Wheelchair Rugby, when ambition meets passion
While the many were present at the Sport Infoday, some others attended a conference in European Parliament, on the subject of wheelchair rugby. Hosted by Mep and head of the European Parliament Rugby Union (EPRUI) Derek Vaughan, the event was animated by Dr. Sofia Beloka, European Development Commissioner for the International Wheelchair Rugby Federation (IWRF), and Bob Vanackere and Frederik Windey, respectively trainer and player for the National Belgian wheelchair rugby team.
The sport itself was created in 1977 in Canada, in response to including more players than was the case in wheelchair basketball. Mixing rules from several other wheelchair team sports, wheelchair rugby consists in a team of 4 players together accumulating a total of 8 disability classification points. Although the sport is gender mixed, only 74 female players are enlisted on the world rankings- against 1 600 male players. Consequently, the percentage of women making the cut for national teams is rather narrow, yet not unheard of.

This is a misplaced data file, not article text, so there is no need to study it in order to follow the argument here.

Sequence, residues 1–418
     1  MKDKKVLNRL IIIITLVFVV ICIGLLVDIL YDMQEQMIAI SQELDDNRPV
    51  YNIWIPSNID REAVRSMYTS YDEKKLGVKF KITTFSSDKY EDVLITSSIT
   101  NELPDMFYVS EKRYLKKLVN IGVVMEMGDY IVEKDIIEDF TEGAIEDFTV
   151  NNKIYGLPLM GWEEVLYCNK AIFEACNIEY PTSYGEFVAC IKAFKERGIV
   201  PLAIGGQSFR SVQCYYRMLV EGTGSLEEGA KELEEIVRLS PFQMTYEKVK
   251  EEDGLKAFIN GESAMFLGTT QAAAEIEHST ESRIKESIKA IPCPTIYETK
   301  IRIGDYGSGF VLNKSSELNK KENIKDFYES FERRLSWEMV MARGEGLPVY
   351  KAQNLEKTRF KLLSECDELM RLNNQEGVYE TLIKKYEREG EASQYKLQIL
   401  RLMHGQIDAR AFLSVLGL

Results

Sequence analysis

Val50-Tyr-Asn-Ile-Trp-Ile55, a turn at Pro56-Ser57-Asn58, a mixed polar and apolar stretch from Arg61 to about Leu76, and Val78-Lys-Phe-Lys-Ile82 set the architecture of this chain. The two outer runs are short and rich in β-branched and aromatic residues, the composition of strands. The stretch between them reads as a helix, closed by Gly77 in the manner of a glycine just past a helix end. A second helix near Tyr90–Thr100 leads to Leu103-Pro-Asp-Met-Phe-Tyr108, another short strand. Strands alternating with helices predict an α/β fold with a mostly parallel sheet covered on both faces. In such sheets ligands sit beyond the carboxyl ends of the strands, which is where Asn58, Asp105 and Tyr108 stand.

The IWRF established itself as a federation in 1993, to then further become the main governing body of the sport, and an independent sport federation in 2010. The sport was introduced into the Paralympic Games in 2000, and was even voted as most spectacular Paralympic sport during London 2012! Indeed, make no mistake wheelchair rugby is the only Paralympic sport permitting contact between chairs.
While the European zone is the most active with 17 active countries and 7 others in development, wheelchair rugby is aiming to become the world leader wheelchair sport. Dr. Beloka’s role is to create cross-national collaborations between countries having established the sport and those seeking to do so in order to help the process. Financial budget is obviously an obstacle to the development of the sport as the required chair can cost up to € 8 000, and as lower level leagues and championships struggle to find financial backing.
Finally, Mr. Vanacker and Mr. Windey shared their experience of the game and the positive aspects it brought them before even becoming professional players- which go much further than being part of their rehabilitation process. The sport is described as a source of inspiration for new players who witness what can be achieved, but also as a treasure chest of information as players exchange their tricks to manage to get about daily life as independently and comfortably as possible.